The UK Government has published its long awaited border operating model. It makes clear how the border with the EU will work – at least in most cases. But some important questions remain, and the cost to business, in customs administration work alone, will be substantial. The government has responded to some key demands from British Chambers of Commerce for measures to improve cash flow. But if there’s not a deal, the cost will be higher again – and key questions remain unanswered.
While businesses will welcome more detail on processes for trading goods overseas, some questions still remain unanswered, including on trade across the Northern Ireland border and the operation of the Goods Vehicle Management System. We will continue to look at the detail and how it affects businesses over the coming weeks.
The Border Operating Model provides clarity and certainty for the border industry and businesses, including technical detail on how the border with the EU will work after the transition period and the actions that traders, hauliers, ports and carriers need to take. It covers all of the processes and systems, across all government departments, that will be used at the border. It provides clarity on the end to end journey for moving goods across the border – with information about controlled goods and new government systems that will support trade.
To help businesses prepare for these changes and continue to trade, guides on how to import and export goods are available in the form of a ‘journey’ (see below). That’s important since so many UK based companies currently trade only with the EU. They need to clearly see every step they need to take to ensure that their goods are transported successfully.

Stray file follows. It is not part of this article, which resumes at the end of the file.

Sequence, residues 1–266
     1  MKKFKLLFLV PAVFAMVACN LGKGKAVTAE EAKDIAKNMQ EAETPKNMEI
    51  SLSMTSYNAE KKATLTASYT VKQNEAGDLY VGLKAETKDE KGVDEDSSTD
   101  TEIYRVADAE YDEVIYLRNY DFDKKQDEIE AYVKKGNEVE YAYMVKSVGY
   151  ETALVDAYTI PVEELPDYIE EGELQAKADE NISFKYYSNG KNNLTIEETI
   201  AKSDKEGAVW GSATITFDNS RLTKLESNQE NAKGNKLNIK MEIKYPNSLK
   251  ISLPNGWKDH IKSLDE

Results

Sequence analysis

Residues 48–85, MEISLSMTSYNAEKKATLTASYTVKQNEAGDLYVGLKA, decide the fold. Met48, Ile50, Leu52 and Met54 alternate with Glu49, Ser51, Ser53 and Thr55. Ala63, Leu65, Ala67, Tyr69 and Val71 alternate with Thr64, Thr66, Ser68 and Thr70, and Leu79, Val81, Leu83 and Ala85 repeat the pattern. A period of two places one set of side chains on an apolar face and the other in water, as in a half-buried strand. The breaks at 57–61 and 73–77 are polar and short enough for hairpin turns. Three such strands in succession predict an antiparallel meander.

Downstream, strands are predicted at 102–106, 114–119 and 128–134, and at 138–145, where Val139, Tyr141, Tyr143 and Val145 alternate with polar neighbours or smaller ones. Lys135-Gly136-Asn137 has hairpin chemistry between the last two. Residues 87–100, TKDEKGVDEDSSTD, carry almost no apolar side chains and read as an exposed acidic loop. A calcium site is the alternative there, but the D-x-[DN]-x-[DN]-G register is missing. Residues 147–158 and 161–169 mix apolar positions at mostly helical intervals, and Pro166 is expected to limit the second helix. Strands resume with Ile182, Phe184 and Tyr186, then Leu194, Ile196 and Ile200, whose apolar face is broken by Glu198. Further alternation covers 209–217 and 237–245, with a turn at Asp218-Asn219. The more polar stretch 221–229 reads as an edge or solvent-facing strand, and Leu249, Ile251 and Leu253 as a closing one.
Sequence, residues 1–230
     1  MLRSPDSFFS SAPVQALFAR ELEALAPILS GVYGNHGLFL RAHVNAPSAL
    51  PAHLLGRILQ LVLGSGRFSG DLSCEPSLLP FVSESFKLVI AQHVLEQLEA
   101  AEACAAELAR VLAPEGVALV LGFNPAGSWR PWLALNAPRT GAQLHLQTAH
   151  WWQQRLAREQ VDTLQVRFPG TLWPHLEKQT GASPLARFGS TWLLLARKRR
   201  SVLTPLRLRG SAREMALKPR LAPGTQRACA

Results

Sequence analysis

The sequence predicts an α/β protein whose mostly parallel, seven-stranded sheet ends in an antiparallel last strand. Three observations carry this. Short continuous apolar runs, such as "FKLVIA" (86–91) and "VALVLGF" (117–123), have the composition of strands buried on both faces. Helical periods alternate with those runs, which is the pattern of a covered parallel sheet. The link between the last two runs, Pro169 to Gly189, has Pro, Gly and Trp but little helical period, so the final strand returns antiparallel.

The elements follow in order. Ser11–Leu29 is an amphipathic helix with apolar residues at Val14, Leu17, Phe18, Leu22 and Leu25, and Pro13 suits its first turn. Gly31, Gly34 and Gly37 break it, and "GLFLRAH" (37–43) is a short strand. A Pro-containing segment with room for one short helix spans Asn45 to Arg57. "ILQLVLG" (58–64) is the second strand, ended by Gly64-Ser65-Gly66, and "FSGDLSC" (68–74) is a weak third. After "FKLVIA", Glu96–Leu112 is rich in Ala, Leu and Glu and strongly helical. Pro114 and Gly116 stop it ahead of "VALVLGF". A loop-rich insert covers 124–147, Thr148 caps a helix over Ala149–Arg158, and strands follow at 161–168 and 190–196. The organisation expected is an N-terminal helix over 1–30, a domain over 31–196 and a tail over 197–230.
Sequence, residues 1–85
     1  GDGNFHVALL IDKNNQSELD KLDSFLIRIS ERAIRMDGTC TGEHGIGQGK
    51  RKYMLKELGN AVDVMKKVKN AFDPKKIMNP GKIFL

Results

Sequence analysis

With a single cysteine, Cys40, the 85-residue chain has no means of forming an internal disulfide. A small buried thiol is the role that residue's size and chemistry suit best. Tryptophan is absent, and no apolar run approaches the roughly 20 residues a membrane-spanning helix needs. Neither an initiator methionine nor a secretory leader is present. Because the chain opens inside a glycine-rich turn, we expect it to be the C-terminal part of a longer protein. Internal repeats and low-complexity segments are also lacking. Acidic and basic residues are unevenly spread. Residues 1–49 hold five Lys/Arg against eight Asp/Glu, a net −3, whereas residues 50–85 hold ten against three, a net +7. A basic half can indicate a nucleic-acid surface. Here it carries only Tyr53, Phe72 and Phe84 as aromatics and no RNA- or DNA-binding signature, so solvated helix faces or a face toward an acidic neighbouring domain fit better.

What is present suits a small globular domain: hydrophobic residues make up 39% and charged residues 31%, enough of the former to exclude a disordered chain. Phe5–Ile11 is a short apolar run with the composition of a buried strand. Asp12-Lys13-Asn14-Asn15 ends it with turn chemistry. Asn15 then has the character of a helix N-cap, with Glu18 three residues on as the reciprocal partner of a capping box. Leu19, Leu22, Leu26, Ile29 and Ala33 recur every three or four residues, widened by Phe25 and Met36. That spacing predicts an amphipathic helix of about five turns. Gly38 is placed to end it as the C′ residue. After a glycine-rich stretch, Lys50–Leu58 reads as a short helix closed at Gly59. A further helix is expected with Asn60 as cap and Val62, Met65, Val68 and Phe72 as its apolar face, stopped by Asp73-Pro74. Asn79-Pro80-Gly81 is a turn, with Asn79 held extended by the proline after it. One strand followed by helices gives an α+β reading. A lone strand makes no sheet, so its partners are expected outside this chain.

This will cost businesses money. With full border controls in place at all ports from January 1st next year, regardless of any deal that is agreed with the EU, an estimated 200 million more customs declarations will need to be made by traders annually. At a cost of £20 to £45 per declaration the cost to business could be in the region of £4bn to £9bn.
The UK government has listened to the British Chamber network and reintroduced Postponed VAT Accounting, as well as allowing the deferment of duty and VAT on EU imports for at least 6 months from January 2020. And many businesses will appreciate the introduction of bond-free duty deferment accounts, which will provide much needed help to cashflow for businesses and reduce import costs.
Along with the European Commission’s Communication last week on preparing for the end of the transition period, it’s clear firms that import and export across the UK-EU border should take action now including the appointment of customs intermediaries and addressing approvals and certifications.
With its network of expert members and the backup of its UK chambers, Britcham is there to help you. If you have questions, contact us at BusinessContinuity@britishchamber.eu
Glenn Vaughan – Senior Adviser
Hyperlinks also below.
How to import and export goods between Great Britain and the EU from 1 January 2021: https://www.gov.uk/government/publications/how-to-import-and-export-goods-between-great-britain-and-the-eu-from-1-january-2021
European Commission – Getting ready for the end of the transition period: https://ec.europa.eu/info/european-union-and-united-kingdom-forging-new-partnership/future-partnership/getting-ready-end-transition-period_en